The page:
Good American is solutions-driven as well. For example, when debuting Good American swimwear recently, knowing that many people are not the same size on top as they are on the bottom, the brand made sure that bikinis were sold as separates, plus has adjustable components to further fit unique body shapes. When designing denim — another item that’s hard for straight-sized women but especially plus — there were details to consider. “Most women have a smaller waist than they have hips and bust, and for you not to get that horrible gap in the back, you need a technically superior waistband, and then there are things like reinforced belt loops and pocket placement,” Grede says. “All of those little things make such a big difference when you put the product on the body.”
According to Chan, no component should be left unexamined. “When I make clothing, I consider every detail, big or small, to have the utmost importance,” she says. “When I’m designing, that means paying special attention to creating silhouettes, picking fabric, incorporating fit details like hidden elastic waists, adjusting the fit… there’s a never-ending list of things to consider.”
Listen to the customer
That list, according to Grede, involves listening to the community’s feedback and taking it back into the business during the fitting but also after a product goes to market. “That’s a really important step because we don’t get everything right the first time, but I think we’ve been really good at re-engineering things when they don’t work and not giving up,” she says. “You learn a lot if you listen and take the feedback on. It’s not necessarily so difficult, it just takes a little more time, and that time and effort really ends up being worth it.”
Chan agrees that while making plus-size clothing isn’t easy, it’s also not as hard as many claim when trying to justify their lack of inclusive sizes. “Henning has taught me that what I had been demanding as a consumer — bigger sizing, better fit, quality garments, timeless styles, fashion-forward branding, et cetera — are all very doable. It just takes effort and the people making decisions to be extremely committed and bull-headed in their approach,” she says. “Of course, that also means it takes a significant amount of funding, but if the initiative is pitched with intense effort and received properly, the results can be profitable.”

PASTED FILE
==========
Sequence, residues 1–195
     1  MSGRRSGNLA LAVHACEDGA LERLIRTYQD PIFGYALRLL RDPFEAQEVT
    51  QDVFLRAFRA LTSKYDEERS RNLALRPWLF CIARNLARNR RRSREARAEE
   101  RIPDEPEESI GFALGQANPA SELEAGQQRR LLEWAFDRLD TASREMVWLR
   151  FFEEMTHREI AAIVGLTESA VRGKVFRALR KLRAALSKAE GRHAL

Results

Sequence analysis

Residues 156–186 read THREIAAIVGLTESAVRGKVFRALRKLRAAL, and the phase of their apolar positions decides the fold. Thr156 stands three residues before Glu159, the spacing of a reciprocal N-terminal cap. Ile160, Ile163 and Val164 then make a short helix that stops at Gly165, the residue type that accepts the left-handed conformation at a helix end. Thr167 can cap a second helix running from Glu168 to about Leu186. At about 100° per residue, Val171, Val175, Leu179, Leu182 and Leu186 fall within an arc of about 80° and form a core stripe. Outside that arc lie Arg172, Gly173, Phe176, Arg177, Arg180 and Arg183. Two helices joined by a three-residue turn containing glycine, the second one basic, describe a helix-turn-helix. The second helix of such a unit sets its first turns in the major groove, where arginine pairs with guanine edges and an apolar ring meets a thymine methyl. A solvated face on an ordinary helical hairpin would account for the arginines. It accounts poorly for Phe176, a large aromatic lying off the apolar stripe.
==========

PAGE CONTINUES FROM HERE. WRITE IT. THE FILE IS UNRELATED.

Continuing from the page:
Indeed, the numbers speak for themselves: With an average woman in the U.S. wearing size 16 or 18 and plus-size women representing 68% of shoppers, the buying power potential is large. “The more women you serve, the more chance you have of being a commercially successful business and profitable,” says Grede. “If you actually want to create a bigger, better business, then serving more people would actually get you there faster.” Still, some brands see it as a big cost upfront that may not garner a return on their investment, according to Chan. “Unfortunately, the failed plus-size launches of years past that have been botched by a lack of effort and funds in design, marketing, et cetera, have set a precedent that the plus-size category is an extremely hard one,” she says. “If I can tell all of those brands one thing, it’s to call me. The plus-size market is profitable and growing, and I can show them how we’ve succeeded — with pride!”
So what’s stopping these brands from picking up the phone so that we have more good-quality plus-size options? Grede says she thinks that the industry — that has long prioritized a straight-size body — still has some “snobbery” around the plus-size customer. “Fashion still has this huge stigma. I don’t think every brand wants a plus-size customer necessarily because, if they did, they would just do it,” she says. “There are lots of brands that are a lot better funded than Good American and bigger and have the ability to put that money and time upfront if they wanted. I think fashion is very very quick to change its clothes seasonally but very slow to change its habits.”